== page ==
David Pocock, former Wallabies captain, elected to Senate

He said he had spoken with Lambie and former independent senator Rex Patrick about how they approached the task but would not reveal whether there were any promises on infrastructure or other policies for the ACT he wanted to extract for his support.

“Clearly having a good team is crucial to being across the legislation – I’ll need to be across it and understand it and see where I can add value,” he said in an interview. His campaign attracted more than 2200 volunteers and he said one of the advantages of being in the ACT was access to policy experts.

Zed Seselja, who was minister for international development and the Pacific in the Morrison government, has lost his Senate seat.

Zed Seselja, who was minister for international development and the Pacific in the Morrison government, has lost his Senate seat.Credit:Alex Ellinghausen

In a statement on his Facebook page on Tuesday, Seselja, the former minister for international development and the Pacific, defended his record in fighting for “both conservative and liberal principles” during his time in public life – including nine years as a federal senator and nine in the ACT parliament.

“There are some who argue that I should have abandoned some of these values as a way to win more votes,” he said. “These critics ignore the fact that at this election those in my party in similar seats who had very different views to mine nonetheless suffered much larger swings than what occurred in the ACT … But most importantly, following this prescription of rolling over to the left would have been both wrong in principle and ultimately futile electorally.”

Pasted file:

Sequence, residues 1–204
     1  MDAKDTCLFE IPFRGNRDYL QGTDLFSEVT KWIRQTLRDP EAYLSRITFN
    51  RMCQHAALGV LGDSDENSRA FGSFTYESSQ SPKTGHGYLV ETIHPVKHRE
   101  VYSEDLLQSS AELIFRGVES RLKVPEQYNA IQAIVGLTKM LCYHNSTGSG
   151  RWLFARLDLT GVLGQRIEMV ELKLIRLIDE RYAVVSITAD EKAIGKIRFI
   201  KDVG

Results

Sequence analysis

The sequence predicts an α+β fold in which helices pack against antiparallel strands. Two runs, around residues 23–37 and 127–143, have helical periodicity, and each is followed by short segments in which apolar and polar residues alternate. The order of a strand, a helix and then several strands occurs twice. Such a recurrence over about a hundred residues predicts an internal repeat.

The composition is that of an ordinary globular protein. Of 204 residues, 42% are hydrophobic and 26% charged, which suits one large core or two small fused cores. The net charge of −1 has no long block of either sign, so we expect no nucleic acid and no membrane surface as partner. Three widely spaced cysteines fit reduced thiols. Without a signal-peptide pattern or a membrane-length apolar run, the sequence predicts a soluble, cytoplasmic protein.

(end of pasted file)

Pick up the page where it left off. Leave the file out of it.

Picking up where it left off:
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ACT Chief Minister Andrew Barr said the election of Gallagher and Pocock would start a new era in Commonwealth-territory relations and that Seselja had too often used his role to attack the ACT government.

The South Australian preference count, which will be done on Wednesday, is expected to return two Labor, one Green and two Liberal senators, with the final spot a three-way race between the Liberals, Labor and One Nation.

The other Senate seat that won’t be known until the full preference count is done is the sixth spot in Victoria, which is also a three-way race between Labor, the Liberals and the United Australia Party.

In both cases, electoral analysts Kevin Bonham and Antony Green say the Liberals appear to have the edge.

Meanwhile, the AEC is considering the request from former NSW transport minister Constance for a recount in Gilmore, which recorded the narrowest result in the country. Labor incumbent Fiona Phillips retained the seat with 50.17 per cent of the vote, ahead of Constance by just 373 votes.

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